In this issued we’re very pleased to present one article by an emerging Anglo-Indian Studies scholar, Debojoy Chanda, and another by a scholar well-known to readers of Anglo-Indian Studies literature, Glenn D’Cruz. Chanda, examines Dover’s writings on Anglo-Indians through the lens of racial theory. D’Cruz writes from the perspective of critical film studies to examine a previously published article on stereotypes of Anglo-Indians in Malayalam film.
In his article, Debojoy Chanda analyses a body of writings by Anglo-Indian activist Cedric Dover who published from 1929-1947. Chanda supports Dover’s claim that the British use of Aryanism led to their prejudice against miscegenation and effectively disenfranchised Anglo-Indians in colonial India. He draws on Dover’s anti-philology, anti-eugenics, and ultimately, anti-racism stance arguing that there are no ‘unmixed’ peoples. Chanda further analyses Dover’s writing which critiques race as a construct and extends this analysis by arguing that Anglo-Indians were in a good position to write back against their own disenfranchisement by the British. The article provides a well-supported, complex discussion, offering an original argument in its synthesis of a range of materials, and in particular engaging deeply with racial theory.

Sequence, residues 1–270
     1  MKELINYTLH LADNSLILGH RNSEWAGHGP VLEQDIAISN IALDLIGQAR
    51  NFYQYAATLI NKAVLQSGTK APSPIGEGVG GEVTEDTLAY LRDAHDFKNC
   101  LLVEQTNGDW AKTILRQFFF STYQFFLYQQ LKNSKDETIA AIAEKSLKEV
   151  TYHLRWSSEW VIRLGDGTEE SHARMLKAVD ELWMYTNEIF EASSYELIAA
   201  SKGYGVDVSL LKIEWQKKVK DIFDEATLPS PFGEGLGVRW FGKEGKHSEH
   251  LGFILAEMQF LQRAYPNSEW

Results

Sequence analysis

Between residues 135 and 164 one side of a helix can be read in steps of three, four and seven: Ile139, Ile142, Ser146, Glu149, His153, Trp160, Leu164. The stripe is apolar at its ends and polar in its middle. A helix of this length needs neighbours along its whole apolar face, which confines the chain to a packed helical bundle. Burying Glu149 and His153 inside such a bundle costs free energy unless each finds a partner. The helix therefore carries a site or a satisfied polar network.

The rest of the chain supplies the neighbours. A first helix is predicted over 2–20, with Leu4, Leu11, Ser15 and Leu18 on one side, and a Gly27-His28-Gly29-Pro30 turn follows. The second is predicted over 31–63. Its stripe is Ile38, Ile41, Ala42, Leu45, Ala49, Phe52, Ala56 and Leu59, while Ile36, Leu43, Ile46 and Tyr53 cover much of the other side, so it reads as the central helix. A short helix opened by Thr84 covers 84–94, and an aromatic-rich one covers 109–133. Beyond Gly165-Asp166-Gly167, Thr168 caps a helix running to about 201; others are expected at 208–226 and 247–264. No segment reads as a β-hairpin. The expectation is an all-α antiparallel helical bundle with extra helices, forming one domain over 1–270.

The second article, by Glenn D’Cruz, is a response to Mathew and James (2018), published in the last issue of this journal. Their article examines the stereotyping of Anglo-Indian men and women in a number of Malayalam films from the 1970s to the present. D’Cruz draws on his own earlier work, Midnight’s Orphans: Anglo-Indians in Post/Colonial Literature(published by Peter Lang in 2006), in which he theorizes Anglo-Indian stereotypes, to critique Mathew and James’ discussion of the stereotyping they find in Malayalam films. His article is based primarily on a detailed reading of the film Hey Jude, which is one of the films discussed by Mathew and James. He calls for a more nuanced and broadly contextualized reading of this and similar films. He recognizes value and legitimacy in some of the tropes and themes the film producers draw on to portray Anglo-Indians characters’.
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